An introduction to this collection is obliged to point out that the Van Gogh brothers did not collect merely out of a love of art. Around 1885, Theo conceived a plan to set up his own art dealership, and with this in mind, both he and Vincent began to see their collection as stock in trade for their future gallery. Because the brothers planned to devote themselves to promoting artists whom they admired, their acquisitions were based on personal tastes and commercial considerations, which largely coincided. As far as we know, Theo made two – unsuccessful – attempts to set himself up in business. When he died in 1891, the entire collection came into the hands of Theo’s heirs: Jo van Gogh-Bonger (1862–1925) and their son, Vincent Willem van Gogh (1890–1978). A chronology of the collection’s genesis – inasmuch as it is possible to establish – gives rise to an interesting picture of the brothers’ evolving tastes and their steadily expanding network of contacts, thereby augmenting previous publications on the collection, chief among them the exhibition catalogue Theo van Gogh, 1857–1891: Art Dealer, Collector and Brother of Vincent (1999). That catalogue, though, breaks down the history of the collection according to the various methods of acquisition, without paying much attention to the brothers’ evolving tastes and widening network. Moreover, that publication and many others make Theo’s role seem disproportionately large, whereas both Vincent and Theo played vital roles in building up the collection. The frequent question as to which works belonged to whom is therefore irrelevant. In their letters, the brothers often referred to ‘our’ collection and the works that ‘we’ have acquired. The collection is actually the product of the brothers’ ongoing artistic dialogue, which began in their teenage years and continued – in both face-to-face conversations and letters – until Vincent’s death in 1890.
The prelude: collecting reproductive prints
Long before the brothers acquired their first painting or drawing, they were actively engaged in collecting reproductive prints and magazine illustrations. The low prices of black-and-white reproductions of works by famous artists in such techniques as wood engraving, line engraving and autotype actually made collecting an affordable undertaking and provided the brothers with an excellent opportunity to discover, by degrees, their artistic predilections. Collecting reproductive prints can therefore be seen as the prelude to collecting one-of-a-kind drawings and paintings, even though the brothers still had no clear-cut goal when they embarked on their collection of graphic art.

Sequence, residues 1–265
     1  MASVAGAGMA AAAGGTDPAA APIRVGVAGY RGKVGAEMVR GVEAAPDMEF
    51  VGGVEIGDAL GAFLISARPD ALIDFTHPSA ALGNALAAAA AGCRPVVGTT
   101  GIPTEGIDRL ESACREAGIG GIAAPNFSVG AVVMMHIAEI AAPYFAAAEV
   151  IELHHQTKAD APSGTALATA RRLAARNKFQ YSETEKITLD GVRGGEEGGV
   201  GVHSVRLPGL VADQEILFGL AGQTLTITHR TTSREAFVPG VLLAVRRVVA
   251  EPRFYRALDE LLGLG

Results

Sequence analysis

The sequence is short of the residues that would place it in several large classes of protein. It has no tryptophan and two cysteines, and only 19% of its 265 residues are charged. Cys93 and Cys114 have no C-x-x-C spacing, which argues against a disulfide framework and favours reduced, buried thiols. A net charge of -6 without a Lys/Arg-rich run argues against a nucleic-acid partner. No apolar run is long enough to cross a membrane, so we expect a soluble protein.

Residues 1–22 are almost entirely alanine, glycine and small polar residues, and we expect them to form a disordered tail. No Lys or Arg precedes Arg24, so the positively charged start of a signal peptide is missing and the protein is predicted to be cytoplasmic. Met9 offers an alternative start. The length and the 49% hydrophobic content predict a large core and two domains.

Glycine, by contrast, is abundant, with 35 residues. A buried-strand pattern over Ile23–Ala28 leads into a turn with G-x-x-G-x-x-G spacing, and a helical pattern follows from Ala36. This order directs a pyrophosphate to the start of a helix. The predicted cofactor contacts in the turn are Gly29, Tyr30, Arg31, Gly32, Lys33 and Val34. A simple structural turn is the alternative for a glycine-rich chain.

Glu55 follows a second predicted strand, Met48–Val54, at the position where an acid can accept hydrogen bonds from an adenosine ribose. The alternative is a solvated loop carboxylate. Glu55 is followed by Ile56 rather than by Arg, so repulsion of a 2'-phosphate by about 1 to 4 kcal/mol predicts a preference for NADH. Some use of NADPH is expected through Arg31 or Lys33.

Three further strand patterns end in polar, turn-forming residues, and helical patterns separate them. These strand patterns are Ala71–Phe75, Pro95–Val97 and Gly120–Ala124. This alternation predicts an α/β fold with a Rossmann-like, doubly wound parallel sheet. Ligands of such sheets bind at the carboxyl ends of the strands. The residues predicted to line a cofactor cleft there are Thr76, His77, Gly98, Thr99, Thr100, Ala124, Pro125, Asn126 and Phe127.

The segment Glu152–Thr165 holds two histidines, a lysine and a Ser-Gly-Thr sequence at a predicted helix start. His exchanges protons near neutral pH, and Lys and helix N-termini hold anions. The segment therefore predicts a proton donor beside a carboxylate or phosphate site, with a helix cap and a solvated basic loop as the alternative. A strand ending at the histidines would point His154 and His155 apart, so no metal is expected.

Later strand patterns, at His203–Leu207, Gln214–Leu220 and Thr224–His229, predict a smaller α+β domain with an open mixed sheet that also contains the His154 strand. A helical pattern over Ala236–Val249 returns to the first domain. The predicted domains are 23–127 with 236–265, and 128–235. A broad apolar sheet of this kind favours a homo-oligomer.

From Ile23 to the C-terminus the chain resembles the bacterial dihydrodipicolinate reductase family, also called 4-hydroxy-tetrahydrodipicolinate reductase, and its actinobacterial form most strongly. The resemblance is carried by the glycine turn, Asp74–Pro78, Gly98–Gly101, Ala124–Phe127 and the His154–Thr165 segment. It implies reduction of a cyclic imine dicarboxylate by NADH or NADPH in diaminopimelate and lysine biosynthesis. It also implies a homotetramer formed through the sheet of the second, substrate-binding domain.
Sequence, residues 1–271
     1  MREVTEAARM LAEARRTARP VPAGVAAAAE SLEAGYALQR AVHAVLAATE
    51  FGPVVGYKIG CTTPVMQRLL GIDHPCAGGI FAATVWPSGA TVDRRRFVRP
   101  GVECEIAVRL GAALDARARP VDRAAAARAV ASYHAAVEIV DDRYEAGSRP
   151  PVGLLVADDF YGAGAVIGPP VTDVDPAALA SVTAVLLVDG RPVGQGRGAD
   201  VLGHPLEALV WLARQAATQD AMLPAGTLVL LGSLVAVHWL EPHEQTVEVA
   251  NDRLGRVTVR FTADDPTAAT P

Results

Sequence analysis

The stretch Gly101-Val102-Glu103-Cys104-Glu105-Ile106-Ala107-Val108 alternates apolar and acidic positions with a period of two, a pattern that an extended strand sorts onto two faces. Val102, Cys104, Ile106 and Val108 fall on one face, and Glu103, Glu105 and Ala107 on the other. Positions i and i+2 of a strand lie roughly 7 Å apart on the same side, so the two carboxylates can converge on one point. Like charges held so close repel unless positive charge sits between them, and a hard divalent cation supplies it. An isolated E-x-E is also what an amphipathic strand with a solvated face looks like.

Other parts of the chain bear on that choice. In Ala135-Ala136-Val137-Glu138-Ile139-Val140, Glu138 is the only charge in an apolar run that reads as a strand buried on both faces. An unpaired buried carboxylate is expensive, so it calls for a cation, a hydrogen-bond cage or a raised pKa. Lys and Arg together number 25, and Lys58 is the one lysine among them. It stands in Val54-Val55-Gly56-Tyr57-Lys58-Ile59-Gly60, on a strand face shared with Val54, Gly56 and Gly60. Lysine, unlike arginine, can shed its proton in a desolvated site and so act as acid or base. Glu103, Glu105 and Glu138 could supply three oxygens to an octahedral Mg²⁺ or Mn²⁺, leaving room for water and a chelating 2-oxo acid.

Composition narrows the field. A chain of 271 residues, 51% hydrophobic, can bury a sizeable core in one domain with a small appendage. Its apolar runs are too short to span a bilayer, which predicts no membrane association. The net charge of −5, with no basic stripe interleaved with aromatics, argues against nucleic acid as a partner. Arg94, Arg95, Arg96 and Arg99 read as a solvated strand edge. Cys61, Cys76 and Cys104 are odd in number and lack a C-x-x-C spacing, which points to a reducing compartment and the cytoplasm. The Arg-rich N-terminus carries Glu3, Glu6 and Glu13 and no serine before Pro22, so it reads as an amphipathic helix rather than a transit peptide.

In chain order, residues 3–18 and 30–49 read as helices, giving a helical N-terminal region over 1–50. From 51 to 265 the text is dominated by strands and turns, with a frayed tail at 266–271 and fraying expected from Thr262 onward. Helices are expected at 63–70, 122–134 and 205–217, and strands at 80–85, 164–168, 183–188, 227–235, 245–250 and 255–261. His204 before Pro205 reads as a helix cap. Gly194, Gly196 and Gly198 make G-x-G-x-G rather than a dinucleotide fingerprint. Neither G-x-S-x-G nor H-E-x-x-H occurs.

Vincent began to collect reproductive prints in 1869, at the age of sixteen, after becoming the youngest employee at the Hague branch of Goupil & Cie, an art dealership with headquarters in Paris. At its height, the firm also had branches in Brussels, London, Berlin and New York. His appointment had been arranged by his uncle Vincent van Gogh (Uncle Cent), a partner in the firm since 1858. Although Goupil & Cie increasingly developed into a gallery that sold paintings and drawings, its core business was the trade and production of prints after important works of contemporary art. Such reproductions were immensely popular among art lovers and therefore a lucrative line of business. During Vincent’s time at the gallery, thousands of prints must have passed through his hands, fostering a desire to own such reproductions himself. No doubt he was further stimulated by the art collections of both Uncle Cent and Uncle Cor (Cornelis Marinus van Gogh), who was also active in the art trade.